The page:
Harvard College Fund Runion Campaign Handbook - page 4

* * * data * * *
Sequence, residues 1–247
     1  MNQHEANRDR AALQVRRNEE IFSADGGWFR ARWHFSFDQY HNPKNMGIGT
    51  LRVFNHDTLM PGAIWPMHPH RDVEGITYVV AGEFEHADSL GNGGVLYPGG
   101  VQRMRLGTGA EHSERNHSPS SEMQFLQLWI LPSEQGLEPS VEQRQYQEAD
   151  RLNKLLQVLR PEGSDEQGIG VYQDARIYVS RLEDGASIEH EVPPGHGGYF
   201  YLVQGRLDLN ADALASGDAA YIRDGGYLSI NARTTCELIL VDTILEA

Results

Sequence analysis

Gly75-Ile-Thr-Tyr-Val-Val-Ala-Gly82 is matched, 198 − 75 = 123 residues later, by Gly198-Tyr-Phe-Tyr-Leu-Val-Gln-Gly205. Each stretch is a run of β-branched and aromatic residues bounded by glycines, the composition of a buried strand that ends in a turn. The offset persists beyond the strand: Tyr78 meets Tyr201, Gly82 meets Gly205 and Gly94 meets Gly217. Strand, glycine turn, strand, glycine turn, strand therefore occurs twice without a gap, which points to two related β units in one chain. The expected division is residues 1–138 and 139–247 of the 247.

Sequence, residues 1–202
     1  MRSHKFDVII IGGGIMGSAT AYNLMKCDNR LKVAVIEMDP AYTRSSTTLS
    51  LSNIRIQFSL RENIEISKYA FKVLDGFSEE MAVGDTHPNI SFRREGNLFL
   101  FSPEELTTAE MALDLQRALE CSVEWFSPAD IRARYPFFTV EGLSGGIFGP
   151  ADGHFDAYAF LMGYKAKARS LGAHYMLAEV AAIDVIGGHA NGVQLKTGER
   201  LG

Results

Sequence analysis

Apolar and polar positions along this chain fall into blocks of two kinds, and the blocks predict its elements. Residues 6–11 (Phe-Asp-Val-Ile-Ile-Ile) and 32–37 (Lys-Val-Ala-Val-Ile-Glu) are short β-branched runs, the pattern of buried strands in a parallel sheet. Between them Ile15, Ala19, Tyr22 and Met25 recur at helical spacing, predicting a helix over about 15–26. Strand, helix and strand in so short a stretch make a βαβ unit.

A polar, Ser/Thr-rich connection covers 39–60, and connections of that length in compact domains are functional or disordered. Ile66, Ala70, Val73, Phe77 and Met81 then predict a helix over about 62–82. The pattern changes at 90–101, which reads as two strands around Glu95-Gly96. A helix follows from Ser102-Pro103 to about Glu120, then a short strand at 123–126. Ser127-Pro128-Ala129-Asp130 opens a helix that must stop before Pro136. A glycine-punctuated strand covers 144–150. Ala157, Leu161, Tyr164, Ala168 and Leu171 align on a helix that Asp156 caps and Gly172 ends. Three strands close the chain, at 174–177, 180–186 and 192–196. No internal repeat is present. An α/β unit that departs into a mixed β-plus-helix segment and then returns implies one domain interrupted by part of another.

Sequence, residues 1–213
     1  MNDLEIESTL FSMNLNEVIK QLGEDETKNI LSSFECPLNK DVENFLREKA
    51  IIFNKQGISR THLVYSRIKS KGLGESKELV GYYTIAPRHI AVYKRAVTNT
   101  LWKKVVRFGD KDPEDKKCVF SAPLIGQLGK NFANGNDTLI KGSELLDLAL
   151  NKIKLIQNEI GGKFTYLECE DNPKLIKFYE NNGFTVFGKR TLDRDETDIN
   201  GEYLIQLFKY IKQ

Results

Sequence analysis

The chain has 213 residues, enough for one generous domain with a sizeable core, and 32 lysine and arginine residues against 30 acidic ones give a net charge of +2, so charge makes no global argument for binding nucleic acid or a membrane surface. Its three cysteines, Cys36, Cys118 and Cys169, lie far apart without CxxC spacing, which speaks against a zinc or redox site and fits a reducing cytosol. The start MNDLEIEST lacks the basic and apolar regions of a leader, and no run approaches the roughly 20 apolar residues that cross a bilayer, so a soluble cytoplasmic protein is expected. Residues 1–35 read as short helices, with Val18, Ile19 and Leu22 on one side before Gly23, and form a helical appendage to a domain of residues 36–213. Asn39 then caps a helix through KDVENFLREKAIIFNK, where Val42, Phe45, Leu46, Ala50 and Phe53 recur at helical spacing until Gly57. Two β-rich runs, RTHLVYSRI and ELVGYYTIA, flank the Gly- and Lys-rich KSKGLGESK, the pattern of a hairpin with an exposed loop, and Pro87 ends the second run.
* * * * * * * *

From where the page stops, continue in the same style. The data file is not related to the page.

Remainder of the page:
What is Harvard College Reunion fundraising? The Harvard College Fund (HCF) maintains a robust and highly successful tradition of reunion giving. Every five years, classes engage in organized fundraising campaigns driven by reunion milestones. These campaigns aim to inspire high levels of class participation and secure leadership contributions in support of Harvard’s current priorities. Our reunion efforts involve large gift committees and require dedicated volunteer leadership. From the 5th reunion to the 60th and beyond, reunion campaigns build com- munity and form the backbone of the Harvard College Fund. Our reunion drives generate fundamen- tal resources for the Faculty of Arts and Sciences (FAS). These are not incremen- tal funds; cumulative class gifts support financial aid, curriculum development, advising, arts, athletics, residential life— almost everything that sets Harvard apart. It is important for reunion leaders to know that the commitments secured during reunion years are, in fact, a planned component of the FAS budget. As Harvard’s financial model continues to evolve in response to macroeconomic conditions, our reunion campaign model must also adapt to align with Harvard’s ambitious goals. For every campaign, the Harvard College Fund team will work with you to establish the proper blend of 2 WHat is HaRvaRd College Reunion fundRaising? endowment and immediate-use contri- butions—a blend that includes gifts des- ignated to Harvard’s timeless priorities in perpetuity as well as those given for immediate needs. Every contribution makes a difference and the balance of designations ensures a winning result. Harvard continues to succeed thanks to its loyal alumni/ae leaders, who have provided guidance and support for gen- erations. Your gifts enable scores of promising young scholars and world- class faculty to explore, teach, and create. Your gifts make possible leading-edge research and help transform the under- graduate experience. Your time and resources change the lives of people who go on to change the world. Simply put, your hard work matters. It matters to every Harvard College stu- dent and faculty member. It matters to all the classmates whom you connect to one another and to Harvard. Thank you for investing your energy in this impor- tant process—and know that the Harvard College Fund team is ready to partner with you to achieve our shared goals for the College and the FAS.